Zelensky visits Kherson, celebrates Russian retreat

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UKRAINIAN President Volodymyr Zelenskyy addressed troops in the newly liberated Ukrainian city of Kherson Monday and said that Ukraine is “ready for peace, peace for all our country.”

The president’s appearance in Kherson came just days after Russian troops retreated from the southeastern city.

“Winter will bring a change in conflict conditions for both Russian and Ukrainian forces,” the U.K. Defense Ministry said Monday in an intelligence update posted on Twitter about Russia’s invasion of Ukraine.

“Daylight will reduce to fewer than 9 hours a day, compared to 15-16 in the height of summer. This results in fewer offensives and more static defensive frontlines. Night vision capability is a precious commodity,” the report said, “further exacerbating the unwillingness to fight at night.”

“The average high temperature will drop from 13 degrees Celsius through September to November, to zero through December to February. Forces lacking in winter weather clothing and accommodation are highly likely to suffer from non-freezing cold injuries. Additionally, the ‘golden hour’ window in which to save a critically wounded soldier is reduced by approximately half, making the risk of contact with the enemy much greater,” the report said.

Zelenskyy reminded Ukrainians in his daily address Sunday not to forget “that the situation in the Kherson region is still very dangerous.” First of all,” he said, “there are mines…I urge all residents of Kherson to be very careful.”

The president said that “In the Kherson region, the Russian army left behind the same atrocities as in other regions of our country, where it was able to enter. We will find and bring to justice every murderer. Without a doubt.”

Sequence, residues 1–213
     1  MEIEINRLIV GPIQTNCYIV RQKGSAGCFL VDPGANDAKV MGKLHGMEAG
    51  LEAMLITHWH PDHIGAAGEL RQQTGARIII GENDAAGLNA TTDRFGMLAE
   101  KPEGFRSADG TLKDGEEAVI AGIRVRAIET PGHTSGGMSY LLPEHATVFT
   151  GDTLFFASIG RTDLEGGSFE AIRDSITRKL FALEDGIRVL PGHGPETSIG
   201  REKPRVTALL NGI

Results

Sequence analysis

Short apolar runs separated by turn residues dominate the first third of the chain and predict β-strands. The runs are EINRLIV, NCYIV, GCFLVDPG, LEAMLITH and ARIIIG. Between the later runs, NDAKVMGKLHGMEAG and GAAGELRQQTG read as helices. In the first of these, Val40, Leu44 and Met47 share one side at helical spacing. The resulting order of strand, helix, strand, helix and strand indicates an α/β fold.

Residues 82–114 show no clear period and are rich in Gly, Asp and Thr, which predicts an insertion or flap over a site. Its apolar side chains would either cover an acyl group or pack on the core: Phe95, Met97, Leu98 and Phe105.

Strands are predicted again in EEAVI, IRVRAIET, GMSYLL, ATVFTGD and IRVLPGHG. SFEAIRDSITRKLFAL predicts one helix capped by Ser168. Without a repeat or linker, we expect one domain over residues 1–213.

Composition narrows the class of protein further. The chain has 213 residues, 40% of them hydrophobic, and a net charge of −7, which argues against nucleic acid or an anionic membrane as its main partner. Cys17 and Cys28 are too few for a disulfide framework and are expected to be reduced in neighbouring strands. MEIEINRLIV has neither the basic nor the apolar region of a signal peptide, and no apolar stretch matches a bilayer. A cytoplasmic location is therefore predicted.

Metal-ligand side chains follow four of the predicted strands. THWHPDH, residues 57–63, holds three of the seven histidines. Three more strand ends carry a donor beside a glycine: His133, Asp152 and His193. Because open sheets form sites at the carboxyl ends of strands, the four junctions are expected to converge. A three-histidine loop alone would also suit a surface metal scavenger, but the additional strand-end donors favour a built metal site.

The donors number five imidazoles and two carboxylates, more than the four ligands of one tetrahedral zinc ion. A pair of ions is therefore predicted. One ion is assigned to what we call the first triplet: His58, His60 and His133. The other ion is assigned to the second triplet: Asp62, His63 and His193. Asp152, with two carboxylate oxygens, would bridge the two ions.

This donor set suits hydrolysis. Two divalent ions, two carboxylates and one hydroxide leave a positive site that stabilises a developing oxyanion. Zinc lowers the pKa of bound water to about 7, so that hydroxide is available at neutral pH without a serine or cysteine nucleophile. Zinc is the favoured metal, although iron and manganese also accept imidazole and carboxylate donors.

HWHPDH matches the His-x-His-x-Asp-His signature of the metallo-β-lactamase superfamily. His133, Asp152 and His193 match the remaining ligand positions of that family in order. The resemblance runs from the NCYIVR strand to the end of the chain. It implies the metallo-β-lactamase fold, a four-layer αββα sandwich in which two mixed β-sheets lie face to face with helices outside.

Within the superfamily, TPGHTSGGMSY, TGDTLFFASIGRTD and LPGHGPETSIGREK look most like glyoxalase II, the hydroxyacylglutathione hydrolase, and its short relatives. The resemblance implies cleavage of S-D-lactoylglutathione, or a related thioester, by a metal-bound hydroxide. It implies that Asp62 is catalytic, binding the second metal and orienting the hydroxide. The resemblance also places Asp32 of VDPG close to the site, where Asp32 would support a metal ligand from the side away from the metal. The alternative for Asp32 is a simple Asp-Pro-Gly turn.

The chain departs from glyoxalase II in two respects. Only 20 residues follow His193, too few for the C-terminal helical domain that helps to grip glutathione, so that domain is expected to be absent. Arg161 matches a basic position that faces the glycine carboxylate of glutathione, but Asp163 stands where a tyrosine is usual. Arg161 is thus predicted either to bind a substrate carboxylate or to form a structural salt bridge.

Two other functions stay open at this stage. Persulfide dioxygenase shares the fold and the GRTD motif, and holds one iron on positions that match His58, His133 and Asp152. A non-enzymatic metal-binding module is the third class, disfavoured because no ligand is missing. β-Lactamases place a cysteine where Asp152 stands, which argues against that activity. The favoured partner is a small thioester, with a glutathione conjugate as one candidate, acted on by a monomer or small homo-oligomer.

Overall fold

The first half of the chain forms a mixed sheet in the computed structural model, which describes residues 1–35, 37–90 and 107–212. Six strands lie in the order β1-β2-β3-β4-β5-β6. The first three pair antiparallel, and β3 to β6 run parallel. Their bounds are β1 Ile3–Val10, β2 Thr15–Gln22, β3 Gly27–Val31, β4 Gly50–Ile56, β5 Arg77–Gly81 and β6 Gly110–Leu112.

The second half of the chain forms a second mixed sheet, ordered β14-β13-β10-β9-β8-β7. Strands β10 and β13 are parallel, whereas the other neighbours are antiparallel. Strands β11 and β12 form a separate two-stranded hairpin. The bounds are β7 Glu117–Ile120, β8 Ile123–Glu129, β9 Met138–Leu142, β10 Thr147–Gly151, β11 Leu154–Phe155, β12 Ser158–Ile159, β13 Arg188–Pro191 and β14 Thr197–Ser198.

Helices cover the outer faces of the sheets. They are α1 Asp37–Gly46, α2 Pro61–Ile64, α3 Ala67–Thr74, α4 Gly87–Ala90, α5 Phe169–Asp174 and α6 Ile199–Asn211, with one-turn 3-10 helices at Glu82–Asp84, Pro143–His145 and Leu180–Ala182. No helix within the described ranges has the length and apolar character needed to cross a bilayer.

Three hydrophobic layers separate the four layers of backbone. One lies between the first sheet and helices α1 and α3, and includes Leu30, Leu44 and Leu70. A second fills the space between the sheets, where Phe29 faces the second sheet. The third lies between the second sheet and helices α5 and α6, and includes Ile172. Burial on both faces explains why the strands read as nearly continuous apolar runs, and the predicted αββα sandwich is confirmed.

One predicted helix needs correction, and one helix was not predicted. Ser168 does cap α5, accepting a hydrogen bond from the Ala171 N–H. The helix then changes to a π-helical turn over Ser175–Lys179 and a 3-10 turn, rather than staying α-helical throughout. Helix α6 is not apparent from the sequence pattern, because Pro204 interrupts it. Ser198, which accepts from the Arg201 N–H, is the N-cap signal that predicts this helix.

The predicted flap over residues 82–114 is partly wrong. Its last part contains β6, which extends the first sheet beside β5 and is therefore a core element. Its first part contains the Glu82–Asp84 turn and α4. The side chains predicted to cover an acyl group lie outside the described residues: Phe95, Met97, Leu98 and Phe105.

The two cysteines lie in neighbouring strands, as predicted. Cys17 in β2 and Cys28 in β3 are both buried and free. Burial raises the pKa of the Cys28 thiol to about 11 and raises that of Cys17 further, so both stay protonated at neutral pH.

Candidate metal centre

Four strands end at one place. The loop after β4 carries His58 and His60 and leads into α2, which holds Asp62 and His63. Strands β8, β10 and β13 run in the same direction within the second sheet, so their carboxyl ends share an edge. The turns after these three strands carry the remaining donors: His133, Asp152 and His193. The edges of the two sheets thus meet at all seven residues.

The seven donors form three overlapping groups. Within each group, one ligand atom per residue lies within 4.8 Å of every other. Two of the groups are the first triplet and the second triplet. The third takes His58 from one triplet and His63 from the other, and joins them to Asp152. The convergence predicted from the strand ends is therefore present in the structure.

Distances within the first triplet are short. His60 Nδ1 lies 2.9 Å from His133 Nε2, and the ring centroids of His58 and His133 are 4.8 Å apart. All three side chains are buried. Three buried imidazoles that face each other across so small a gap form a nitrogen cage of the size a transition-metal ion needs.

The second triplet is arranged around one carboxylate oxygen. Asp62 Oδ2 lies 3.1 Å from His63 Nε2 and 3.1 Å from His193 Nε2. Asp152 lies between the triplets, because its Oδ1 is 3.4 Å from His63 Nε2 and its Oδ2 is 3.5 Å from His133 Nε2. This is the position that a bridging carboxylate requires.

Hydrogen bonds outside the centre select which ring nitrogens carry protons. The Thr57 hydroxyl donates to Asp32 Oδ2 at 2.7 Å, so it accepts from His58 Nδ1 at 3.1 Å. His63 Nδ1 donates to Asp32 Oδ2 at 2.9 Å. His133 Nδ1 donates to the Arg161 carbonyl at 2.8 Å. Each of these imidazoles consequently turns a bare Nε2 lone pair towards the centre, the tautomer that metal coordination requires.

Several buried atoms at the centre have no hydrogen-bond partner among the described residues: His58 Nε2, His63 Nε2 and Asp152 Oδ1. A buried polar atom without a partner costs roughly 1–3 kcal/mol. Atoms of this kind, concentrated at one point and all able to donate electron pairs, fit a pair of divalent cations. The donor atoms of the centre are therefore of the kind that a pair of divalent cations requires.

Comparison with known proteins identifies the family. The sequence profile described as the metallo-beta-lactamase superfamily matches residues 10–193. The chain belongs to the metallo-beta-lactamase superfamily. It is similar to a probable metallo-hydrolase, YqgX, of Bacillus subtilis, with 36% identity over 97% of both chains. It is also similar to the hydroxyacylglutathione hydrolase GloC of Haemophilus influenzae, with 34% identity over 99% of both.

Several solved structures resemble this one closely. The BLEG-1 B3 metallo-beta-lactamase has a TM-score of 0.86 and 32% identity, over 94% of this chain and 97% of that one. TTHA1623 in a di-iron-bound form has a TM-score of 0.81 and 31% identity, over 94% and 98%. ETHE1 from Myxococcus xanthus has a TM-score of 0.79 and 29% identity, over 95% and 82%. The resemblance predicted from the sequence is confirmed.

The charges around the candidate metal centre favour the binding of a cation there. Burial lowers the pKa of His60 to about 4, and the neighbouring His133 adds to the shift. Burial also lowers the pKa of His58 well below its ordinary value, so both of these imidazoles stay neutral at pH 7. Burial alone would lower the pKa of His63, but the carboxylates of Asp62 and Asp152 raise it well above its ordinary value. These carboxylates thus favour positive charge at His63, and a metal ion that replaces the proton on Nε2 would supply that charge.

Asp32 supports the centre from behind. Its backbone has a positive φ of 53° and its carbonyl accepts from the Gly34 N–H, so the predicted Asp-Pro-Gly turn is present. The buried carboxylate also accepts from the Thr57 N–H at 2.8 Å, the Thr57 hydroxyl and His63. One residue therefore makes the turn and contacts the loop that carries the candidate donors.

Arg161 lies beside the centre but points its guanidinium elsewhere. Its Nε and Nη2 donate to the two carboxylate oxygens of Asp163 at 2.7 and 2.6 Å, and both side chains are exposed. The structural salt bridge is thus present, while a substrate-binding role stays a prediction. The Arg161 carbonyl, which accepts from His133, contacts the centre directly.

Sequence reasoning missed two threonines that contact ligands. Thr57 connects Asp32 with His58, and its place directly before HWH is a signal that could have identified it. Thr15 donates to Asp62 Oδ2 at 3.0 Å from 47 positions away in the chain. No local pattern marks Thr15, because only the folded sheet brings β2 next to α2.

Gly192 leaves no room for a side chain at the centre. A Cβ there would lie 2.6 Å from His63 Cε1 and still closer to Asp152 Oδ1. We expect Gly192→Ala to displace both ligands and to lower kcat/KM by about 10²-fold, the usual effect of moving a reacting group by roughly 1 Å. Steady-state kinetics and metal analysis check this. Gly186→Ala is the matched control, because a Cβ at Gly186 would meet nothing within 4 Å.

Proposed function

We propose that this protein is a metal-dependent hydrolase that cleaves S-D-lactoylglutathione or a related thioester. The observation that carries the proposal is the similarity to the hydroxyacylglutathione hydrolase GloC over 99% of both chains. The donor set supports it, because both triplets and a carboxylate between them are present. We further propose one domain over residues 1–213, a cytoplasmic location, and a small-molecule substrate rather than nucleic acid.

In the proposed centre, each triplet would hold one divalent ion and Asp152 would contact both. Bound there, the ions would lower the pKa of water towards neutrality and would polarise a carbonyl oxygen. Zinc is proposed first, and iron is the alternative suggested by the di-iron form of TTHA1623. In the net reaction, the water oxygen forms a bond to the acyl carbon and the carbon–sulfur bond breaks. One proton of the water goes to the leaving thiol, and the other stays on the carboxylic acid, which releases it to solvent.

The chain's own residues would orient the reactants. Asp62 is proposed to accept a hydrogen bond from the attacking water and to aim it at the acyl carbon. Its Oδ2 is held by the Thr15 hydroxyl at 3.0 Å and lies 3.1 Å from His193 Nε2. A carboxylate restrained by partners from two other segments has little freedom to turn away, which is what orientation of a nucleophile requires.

Ukrainian officials Sunday began moving food, water and medicine into Kherson, two days after Kyiv’s forces entered the strategic regional capital that Russia had captured at the start of the war and now has fled.

More than three-quarters of Kherson’s 300,000 residents had escaped the city, leaving 75,000 people to endure the Russian occupation before Moscow’s forces retreated last week and Ukrainian troops began to move in.

“Russian occupying forces and collaborators did everything possible to make those people who remained in the city suffer as hard as possible during these days of waiting, weeks of waiting, months,” an adviser to the mayor of Kherson, Roman Golovnya, said on national television.

Ukrainian forces feared that buildings in much of Kherson might have been significantly damaged, much like other cities, such as Mariupol, but found it largely intact, although with a limited water supply. Liberated, many Kherson residents gathered on the city streets in the last couple of days, waving blue and yellow Ukrainian flags in celebration.

Residents shared stories of the Russian shelling of the city but at the same time said the Ukrainian use of advanced missile systems supplied by Western allies, including the United States, seemed to disrupt Moscow’s supply lines and troop positions. They said Ukraine hit Russian positions with the aid of a network of informants.

Still, Kherson residents told of friends and family who were detained and went missing over nine months of Russian occupation.

And life is not back to normal in the most elemental ways.

Golovnya said, “The city is critically lacking first of all water, because there is practically no water supply in the city. Now there is not enough medicine, there is not enough bread — it is not baked, because there is no electricity.”

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